By: Cady Audette, A Wait Until 8th Parent
After our family signed the Wait Until 8th pledge and it became active in our community, an interesting question came up: how can we explain this pledge to our child when she sees other children with smartphones?
Many families use the phrase “different families make different choices” with children as young as toddlers. This is true, and effective to a point, if they accept it and move on. As they've gotten older though, my children have needed a deeper explanation to put an issue to rest.
I work at a progressive independent preschool where my children attended that is committed to following the research. I took this phrase and reasoning, and applied it to choices we make at home. Why do we eat vegetables, wear bike helmets and seatbelts, brush our teeth, go to bed “early,” practice gratitude, and avoid second-hand smoke? Our family follows the research. This line of rational has tremendously helped in my children's acceptance of our family’s decisions. “Scientists/researchers/doctors have found that this is the best choice to make, with the data we have.”
This is helpful for a few reasons. First, it’s not just my husband and me making a call and asking for their buy-in; we are putting that on professionals. Second, the research will evolve and change, and we will honor that. When my first daughter was a baby, we were told we could face her car seat forward at age 1. Now my third child is still backward facing at 18 months; the research and recommendation changed. So if in three years, new data supports that smart phones are most appropriate for 10th grade and up, we will adhere to that guidance. This reasoning allows us flexibility in decision-making and to feel confident we are falling back on the most recent recommendations.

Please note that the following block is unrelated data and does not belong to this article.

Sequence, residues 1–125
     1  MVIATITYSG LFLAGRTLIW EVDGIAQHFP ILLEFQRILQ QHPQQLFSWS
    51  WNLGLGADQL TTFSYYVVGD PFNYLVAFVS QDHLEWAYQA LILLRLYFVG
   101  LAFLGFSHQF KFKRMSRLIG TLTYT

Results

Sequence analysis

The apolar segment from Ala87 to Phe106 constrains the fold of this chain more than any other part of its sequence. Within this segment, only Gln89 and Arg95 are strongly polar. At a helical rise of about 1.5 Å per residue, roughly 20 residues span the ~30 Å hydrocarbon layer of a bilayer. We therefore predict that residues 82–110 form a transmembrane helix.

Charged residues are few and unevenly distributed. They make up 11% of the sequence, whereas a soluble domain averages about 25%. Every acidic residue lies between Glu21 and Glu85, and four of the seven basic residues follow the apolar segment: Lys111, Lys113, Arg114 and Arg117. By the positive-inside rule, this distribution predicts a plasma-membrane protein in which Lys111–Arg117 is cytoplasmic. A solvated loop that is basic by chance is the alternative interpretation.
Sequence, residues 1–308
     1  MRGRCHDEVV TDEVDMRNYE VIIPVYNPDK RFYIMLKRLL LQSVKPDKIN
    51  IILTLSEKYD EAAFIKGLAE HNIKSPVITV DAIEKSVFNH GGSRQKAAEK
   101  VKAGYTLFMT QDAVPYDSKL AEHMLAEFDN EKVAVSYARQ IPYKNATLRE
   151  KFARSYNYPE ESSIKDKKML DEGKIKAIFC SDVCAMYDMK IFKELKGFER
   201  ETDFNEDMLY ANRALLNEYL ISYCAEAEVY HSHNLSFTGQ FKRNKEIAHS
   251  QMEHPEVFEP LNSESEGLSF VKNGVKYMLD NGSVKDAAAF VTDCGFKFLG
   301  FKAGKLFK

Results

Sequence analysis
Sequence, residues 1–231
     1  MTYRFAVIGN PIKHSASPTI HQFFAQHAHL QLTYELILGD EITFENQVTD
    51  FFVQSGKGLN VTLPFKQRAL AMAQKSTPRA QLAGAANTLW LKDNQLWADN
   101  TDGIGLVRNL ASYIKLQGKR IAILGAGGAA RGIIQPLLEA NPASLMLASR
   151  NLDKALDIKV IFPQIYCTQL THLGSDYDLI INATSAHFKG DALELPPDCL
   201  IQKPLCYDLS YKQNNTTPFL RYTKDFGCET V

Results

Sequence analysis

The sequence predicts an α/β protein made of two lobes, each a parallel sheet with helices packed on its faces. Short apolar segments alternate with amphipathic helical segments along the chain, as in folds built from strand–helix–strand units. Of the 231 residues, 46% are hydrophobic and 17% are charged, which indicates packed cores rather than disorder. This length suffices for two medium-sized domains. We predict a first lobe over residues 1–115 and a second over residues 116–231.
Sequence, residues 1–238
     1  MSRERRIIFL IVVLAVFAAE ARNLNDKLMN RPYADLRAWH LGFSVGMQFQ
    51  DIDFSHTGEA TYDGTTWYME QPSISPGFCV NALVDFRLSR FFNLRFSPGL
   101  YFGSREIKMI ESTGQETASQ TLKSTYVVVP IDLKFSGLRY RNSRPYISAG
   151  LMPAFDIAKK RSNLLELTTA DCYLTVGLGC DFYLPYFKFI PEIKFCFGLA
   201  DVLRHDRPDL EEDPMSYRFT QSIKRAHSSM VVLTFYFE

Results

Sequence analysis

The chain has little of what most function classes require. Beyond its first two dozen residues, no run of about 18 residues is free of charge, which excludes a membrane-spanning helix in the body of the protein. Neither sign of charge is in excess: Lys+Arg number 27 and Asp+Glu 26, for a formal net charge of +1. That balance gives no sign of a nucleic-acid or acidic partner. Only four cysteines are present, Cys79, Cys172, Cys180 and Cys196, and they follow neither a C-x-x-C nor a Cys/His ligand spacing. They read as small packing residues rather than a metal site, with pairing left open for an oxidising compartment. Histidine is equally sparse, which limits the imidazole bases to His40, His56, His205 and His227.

When I talked to my 4th grader about the pledge, I explained how researchers had found harmful effects on brain development if children spend a lot of time with screens when they're young. We talked about how they've learned that smart phones can be distracting and dangerous for children younger than 8th grade, and how they're continuing to learn more about smartphones because they are a new technology. We discussed the research on addiction, sleep impairment, and depression linked to smartphones. Finally, we talked about the recommendation to wait until 8th, and how we'd do that too.
We continue to use both “different families make different choices” and “we follow the research” when it comes to explanations, but the latter is particularly helpful when it comes to health, wellness, and safety based decisions. As parents, we are constantly forming decisions, and it can be a relief to have fewer determinations to make by relying on research – and naming that.
Please consider delaying the smartphone for your child with the Wait Until 8th pledge. There are so many reasons to wait. Currently the average age a child receives a smartphone is 10 years old despite the many distractions and dangers that comes with this technology. Join more than 16,000 parents by signing the pledge today.
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